1926

Shows Architectons at the annual representative exhibition of the Institute of Artistic Culture. Leningrad Pravda prints Ginger Sery's negative review of the exhibition, "A State Supported Monastery", and the Institute of Artistic Culture is closed down. The Institute's forthcoming miscellany, including Malevich's "Introduction to the Theory of the Additional Element in Painting", is not published. The Institute of Artistic Culture is broken up in December.

1927

Leaves Russia in March to hold a one-man show in Warsaw and then Berlin. Given his own space to show works at the "Große Berliner Kunstausstellung" (May to September). Returns to Russia on 5 June without his paintings, entrusting them and the accompanying explanatory tables and theoretical notes to the German architect Hugo Häring (part of the collection later finds its way into the Stedelijk Museum in Amsterdam). Malevich's book Die gegenstandslose Welt is published in the Bauhausbücher series. Nikolai Punin invites him to contribute to the "Exhibition of New Tendencies in Art" at the Russian Museum in Leningrad. Marries his third wife, Natalia Andreyevna Manchenko (1902-1990).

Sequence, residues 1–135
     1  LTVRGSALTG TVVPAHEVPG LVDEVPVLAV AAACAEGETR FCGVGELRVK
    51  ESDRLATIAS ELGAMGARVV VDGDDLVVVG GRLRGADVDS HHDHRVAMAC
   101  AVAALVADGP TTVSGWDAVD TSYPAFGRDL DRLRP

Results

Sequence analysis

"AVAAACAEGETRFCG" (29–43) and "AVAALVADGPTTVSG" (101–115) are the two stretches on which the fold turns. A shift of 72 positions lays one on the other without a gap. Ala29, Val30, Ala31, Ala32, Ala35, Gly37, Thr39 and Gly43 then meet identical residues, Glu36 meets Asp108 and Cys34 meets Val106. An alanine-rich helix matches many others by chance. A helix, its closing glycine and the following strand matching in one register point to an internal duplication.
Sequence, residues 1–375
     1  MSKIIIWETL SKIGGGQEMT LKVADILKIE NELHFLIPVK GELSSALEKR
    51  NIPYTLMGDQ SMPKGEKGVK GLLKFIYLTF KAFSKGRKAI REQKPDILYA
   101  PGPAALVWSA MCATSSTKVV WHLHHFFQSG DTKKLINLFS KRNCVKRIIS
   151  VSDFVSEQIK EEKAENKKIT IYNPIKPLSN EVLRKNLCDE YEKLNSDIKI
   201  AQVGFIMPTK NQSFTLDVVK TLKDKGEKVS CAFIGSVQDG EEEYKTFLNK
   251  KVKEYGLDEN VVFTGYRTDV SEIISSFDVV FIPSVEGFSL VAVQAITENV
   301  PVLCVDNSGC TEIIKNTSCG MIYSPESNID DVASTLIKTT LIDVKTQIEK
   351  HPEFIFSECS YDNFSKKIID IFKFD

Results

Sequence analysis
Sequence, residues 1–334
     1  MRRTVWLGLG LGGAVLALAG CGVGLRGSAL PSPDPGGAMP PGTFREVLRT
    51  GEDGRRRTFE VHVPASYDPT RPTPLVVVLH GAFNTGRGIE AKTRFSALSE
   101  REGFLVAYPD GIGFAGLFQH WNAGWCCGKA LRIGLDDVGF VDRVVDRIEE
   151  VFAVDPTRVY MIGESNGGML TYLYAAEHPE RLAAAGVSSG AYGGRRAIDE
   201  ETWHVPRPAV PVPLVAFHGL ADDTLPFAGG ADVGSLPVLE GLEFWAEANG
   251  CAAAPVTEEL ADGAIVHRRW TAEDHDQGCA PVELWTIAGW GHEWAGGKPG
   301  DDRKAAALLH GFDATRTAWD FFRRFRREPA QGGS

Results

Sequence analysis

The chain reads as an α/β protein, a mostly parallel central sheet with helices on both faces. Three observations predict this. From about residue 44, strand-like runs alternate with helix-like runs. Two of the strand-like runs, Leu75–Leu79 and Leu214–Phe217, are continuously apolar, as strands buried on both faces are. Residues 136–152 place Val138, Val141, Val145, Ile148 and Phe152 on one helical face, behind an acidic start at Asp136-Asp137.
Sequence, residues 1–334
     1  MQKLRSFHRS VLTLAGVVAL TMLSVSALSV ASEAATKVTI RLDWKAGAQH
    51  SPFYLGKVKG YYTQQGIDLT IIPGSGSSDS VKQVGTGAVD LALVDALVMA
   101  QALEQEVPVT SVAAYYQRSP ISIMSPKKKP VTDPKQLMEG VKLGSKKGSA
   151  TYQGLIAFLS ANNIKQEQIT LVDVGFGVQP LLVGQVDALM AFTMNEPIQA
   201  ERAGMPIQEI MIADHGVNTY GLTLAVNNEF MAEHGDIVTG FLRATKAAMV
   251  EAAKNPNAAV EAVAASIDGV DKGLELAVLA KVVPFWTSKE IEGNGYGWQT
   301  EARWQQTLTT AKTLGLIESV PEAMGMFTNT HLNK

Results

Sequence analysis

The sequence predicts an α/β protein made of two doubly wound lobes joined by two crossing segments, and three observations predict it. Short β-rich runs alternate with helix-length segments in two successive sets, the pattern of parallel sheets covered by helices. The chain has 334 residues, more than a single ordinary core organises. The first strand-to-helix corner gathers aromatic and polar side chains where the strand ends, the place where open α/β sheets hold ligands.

1928

Works at the State Institute of the History of the Arts. Publishes articles in New Generation, a Kharkov monthly. Returns to easel painting on the eve of his planned one-man show at the Tretyakov Gallery in Moscow. Repaints the works of his "Peasant cycle" (dating them 1908-1912) and Impressionist period (dating them 1903-1906). Teaches at the Kiev Institute of Art (until 1930).

1929

Holds a retrospective exhibition at the Tretyakov Gallery. Contributes works to an exhibition of abstract and surrealist art in Zurich. His department at the Institute of the History of the Arts is closed down.